What would be your one piece of advice for therapists wanting to develop their practices?

Be yourself. Try not to compare yourself with other therapists. Your clients will come to you because of your own unique personality and skills.

Buy your ticket to the FHT Virtual Congress here.

*Ticket prices: FHT student members £25, FHT members £30, non-FHT members £45

The 2021 FHT Virtual Congress is sponsored by gateway workshops.co.uk

Celebrating Social Prescribing Day 2021

Today we are celebrating Social Prescribing Day alongside the College of Medicine, the Social Prescribing Network and many other organisations.

Social prescribing provides doctors with alternative and more appropriate ways to support a patient, such as signposting them to complementary therapies, encouraging them to join a walking club, or joining a Knit and Natter group. Schemes across the country have proven successful ways to improve the health and wellbeing of patients and to take pressure off the NHS.

The Social Prescribing network state that their goal is ‘to foster an attitudinal change, to shift the power to the people and local communities, to forge cross-sectoral collaboration, to promote co-design and co-creation, and to ensure social prescribing continues to grow as a grassroots movement.’

In the next issue of International Therapist magazine (Spring 2021, Issue 136) we share an article by link worker, Farrah Idris, MFHT, about her experience of the role since being in the pandemic.

Farrah said, ‘Being a link worker and complementary therapist enables me to have meaningful conversations with patients and empower them to make positive self-led choices. Feeling fulfilled in my work is important to me and my current role certainly achieves that for me.’

Read the full article here.

Did you enjoy this feature?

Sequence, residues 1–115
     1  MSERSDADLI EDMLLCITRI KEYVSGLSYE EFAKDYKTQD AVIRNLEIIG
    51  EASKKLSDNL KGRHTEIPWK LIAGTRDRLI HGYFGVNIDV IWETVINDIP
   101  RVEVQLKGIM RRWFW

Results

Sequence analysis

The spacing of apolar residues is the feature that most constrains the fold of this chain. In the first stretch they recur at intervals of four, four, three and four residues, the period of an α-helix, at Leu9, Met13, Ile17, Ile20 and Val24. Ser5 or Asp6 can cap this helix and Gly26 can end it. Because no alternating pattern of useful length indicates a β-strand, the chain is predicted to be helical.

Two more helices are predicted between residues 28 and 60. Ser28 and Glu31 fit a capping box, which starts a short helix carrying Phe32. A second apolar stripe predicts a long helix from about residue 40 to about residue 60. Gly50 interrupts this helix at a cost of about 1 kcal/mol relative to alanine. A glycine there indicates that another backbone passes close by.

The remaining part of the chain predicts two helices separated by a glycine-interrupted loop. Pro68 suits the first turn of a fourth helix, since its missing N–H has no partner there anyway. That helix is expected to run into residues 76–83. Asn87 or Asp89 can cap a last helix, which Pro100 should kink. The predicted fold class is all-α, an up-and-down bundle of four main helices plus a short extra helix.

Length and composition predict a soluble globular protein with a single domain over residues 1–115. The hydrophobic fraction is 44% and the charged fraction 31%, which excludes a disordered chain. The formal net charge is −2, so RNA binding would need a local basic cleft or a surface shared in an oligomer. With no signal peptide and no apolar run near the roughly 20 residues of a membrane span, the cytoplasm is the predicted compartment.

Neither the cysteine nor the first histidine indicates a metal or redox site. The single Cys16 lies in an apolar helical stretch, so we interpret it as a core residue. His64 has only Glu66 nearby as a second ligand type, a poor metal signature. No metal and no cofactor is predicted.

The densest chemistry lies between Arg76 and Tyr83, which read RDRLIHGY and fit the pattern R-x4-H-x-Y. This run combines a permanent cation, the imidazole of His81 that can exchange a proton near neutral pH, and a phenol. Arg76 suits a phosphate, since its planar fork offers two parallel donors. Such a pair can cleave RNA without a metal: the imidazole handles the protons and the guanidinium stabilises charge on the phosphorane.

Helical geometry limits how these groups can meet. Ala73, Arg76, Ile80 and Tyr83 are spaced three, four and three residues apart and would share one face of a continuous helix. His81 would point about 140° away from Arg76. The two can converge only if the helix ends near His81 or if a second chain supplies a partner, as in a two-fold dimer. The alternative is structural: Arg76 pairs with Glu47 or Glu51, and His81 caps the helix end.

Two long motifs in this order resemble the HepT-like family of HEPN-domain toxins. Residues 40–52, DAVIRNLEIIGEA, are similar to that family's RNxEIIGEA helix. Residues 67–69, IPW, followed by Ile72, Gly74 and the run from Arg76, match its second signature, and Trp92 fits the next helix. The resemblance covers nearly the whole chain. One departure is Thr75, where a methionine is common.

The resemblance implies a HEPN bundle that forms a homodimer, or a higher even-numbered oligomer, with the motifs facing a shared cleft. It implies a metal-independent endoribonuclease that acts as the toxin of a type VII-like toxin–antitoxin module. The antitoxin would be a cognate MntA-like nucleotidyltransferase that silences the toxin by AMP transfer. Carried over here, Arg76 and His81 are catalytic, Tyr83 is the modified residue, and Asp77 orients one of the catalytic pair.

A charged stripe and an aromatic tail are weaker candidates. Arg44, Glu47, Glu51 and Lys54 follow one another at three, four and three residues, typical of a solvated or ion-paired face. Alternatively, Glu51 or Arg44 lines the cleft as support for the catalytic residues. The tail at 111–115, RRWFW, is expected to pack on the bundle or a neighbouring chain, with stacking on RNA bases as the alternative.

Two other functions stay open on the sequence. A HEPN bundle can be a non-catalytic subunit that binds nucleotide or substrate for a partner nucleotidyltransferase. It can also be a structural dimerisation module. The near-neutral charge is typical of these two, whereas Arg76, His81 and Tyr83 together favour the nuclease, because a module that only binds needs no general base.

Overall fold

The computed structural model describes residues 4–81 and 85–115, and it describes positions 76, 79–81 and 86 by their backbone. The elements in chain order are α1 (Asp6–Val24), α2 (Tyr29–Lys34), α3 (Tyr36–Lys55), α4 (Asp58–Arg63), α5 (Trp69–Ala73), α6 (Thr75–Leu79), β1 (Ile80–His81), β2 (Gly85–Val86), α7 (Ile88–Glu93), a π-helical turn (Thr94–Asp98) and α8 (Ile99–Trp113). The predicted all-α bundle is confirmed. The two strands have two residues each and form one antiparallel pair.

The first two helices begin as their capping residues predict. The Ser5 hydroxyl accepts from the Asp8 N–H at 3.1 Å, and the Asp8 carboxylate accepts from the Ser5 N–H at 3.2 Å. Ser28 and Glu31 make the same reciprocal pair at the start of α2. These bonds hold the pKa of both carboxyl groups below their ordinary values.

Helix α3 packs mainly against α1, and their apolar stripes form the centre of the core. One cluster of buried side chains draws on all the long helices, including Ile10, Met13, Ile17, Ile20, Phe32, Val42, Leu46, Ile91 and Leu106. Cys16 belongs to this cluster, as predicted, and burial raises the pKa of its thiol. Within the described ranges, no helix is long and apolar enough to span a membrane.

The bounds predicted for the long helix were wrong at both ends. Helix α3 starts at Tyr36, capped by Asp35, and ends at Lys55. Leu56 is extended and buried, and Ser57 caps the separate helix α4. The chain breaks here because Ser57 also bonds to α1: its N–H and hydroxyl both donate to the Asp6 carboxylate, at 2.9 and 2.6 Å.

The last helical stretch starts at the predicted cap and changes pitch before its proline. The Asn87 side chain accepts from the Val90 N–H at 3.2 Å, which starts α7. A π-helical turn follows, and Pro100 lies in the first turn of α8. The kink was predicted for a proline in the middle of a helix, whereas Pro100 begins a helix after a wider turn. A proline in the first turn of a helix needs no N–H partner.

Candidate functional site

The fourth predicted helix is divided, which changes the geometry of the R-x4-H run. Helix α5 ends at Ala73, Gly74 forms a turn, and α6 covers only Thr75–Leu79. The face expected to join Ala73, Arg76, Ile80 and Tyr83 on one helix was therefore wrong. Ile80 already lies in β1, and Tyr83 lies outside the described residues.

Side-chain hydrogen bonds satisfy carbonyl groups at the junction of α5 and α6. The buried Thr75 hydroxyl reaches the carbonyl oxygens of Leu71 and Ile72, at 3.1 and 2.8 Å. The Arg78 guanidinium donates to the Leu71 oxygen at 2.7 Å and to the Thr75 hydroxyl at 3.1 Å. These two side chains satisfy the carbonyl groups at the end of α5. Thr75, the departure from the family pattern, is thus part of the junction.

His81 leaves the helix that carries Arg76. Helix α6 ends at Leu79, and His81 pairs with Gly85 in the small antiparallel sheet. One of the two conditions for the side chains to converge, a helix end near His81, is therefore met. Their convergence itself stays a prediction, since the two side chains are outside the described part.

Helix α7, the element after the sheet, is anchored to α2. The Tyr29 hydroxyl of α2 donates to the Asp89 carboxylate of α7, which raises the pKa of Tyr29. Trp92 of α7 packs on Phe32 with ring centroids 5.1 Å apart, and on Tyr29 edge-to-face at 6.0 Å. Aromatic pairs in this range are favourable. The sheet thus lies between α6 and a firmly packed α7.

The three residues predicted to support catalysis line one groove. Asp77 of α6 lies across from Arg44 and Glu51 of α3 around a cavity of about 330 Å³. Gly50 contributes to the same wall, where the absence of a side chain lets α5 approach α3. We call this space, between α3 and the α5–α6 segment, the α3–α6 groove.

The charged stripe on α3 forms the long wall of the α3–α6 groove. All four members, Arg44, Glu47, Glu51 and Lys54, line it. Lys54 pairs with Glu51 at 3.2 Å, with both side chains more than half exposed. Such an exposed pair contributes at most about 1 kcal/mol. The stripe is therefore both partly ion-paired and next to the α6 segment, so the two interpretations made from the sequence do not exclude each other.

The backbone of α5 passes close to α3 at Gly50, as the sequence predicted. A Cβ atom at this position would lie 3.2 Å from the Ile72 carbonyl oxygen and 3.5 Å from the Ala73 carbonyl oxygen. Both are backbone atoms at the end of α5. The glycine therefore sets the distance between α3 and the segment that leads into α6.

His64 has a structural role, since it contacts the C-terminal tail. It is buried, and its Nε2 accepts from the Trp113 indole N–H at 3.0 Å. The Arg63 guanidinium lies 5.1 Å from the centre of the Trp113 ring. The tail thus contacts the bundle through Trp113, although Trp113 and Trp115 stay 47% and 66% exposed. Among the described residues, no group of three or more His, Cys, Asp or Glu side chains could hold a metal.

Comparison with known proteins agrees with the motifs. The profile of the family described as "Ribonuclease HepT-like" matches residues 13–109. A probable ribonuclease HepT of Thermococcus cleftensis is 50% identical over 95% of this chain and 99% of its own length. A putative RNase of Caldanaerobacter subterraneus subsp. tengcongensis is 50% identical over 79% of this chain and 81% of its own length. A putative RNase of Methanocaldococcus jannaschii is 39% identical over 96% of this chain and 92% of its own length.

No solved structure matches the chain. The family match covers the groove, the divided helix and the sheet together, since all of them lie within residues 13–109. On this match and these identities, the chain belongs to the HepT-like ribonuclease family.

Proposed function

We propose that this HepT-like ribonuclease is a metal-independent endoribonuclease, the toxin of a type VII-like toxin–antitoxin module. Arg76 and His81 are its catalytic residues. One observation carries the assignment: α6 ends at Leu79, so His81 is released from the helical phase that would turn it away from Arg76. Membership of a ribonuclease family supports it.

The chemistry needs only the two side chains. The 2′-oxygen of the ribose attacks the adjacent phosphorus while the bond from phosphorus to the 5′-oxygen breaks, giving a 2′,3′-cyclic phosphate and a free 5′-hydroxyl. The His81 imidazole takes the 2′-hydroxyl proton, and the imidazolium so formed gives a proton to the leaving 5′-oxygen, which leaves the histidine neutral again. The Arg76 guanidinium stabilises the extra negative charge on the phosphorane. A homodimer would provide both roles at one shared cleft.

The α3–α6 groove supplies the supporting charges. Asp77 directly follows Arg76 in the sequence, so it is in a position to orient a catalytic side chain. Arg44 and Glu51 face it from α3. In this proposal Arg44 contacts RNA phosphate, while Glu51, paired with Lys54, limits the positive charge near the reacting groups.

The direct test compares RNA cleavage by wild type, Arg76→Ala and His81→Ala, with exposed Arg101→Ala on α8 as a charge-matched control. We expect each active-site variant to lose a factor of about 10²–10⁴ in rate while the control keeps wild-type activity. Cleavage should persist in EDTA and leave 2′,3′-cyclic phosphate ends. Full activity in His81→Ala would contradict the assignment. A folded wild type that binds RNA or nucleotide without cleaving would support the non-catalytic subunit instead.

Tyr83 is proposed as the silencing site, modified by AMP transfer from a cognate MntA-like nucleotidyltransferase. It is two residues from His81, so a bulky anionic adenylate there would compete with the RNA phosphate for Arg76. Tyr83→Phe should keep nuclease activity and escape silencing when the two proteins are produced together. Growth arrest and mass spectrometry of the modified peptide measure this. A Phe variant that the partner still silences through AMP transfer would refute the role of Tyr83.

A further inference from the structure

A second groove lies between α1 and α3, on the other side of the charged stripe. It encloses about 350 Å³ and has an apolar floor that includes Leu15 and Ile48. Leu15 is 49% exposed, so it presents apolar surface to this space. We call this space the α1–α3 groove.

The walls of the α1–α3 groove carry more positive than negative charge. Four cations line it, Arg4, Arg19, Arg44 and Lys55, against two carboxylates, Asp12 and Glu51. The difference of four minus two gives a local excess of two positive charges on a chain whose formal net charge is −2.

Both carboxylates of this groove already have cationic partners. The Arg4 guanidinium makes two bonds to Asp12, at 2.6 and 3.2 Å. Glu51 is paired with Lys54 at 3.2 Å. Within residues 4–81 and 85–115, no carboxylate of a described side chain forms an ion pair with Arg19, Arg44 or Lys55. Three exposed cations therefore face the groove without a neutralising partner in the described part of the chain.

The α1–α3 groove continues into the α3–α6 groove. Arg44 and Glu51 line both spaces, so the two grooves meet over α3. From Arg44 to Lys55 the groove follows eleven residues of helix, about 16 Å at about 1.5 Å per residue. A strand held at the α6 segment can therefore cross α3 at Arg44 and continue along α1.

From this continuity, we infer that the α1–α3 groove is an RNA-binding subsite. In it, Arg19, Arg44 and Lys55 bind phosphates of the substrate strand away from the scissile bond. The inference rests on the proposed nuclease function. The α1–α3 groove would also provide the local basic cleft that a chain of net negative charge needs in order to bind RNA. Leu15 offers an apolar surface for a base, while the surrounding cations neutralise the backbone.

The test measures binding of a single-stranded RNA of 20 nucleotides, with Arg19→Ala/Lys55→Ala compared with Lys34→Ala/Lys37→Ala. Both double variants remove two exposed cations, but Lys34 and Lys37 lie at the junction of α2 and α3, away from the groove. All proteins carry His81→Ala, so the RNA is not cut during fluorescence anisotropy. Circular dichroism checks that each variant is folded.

The FHT features a broad range of articles in each issue of International Therapist magazine. To find out more about the many benefits of being an FHT member, visit fht.org.uk/join-us

FHT Virtual Congress – Moss and Sha discuss the benefits of Chi Medics

In the lead up to the FHT’s first Virtual Training Congress we have been introducing FHT members to our event speakers. This week we speak to Moss Arnold and Sharon Windle from Chi Medics, based in Chesterfield.

Chi Medics is an energy therapy which combines the Chinese philosophy, Traditional Chinese Medicine (TCM), acupressure, acu-points and meridians, with foot and body therapy, in an easy, quick and gentle way. Chi is the western word for the Chinese Qi or energy, while the Japanese word for energy is Ki, and the Indian is Prana and Chakras. These are all a form of energy so are included in Chi Medics, with the emphasis on TCM.  

The therapy can support pain management through the use of philosophical and knowledge-based practical application, covering all four levels of existence: physical, emotional, mental and spiritual. We approach the therapy by gently communicating with body and asking the body to correct imbalances of Chi in whatever manifestation it appears via simple, specific and advanced techniques.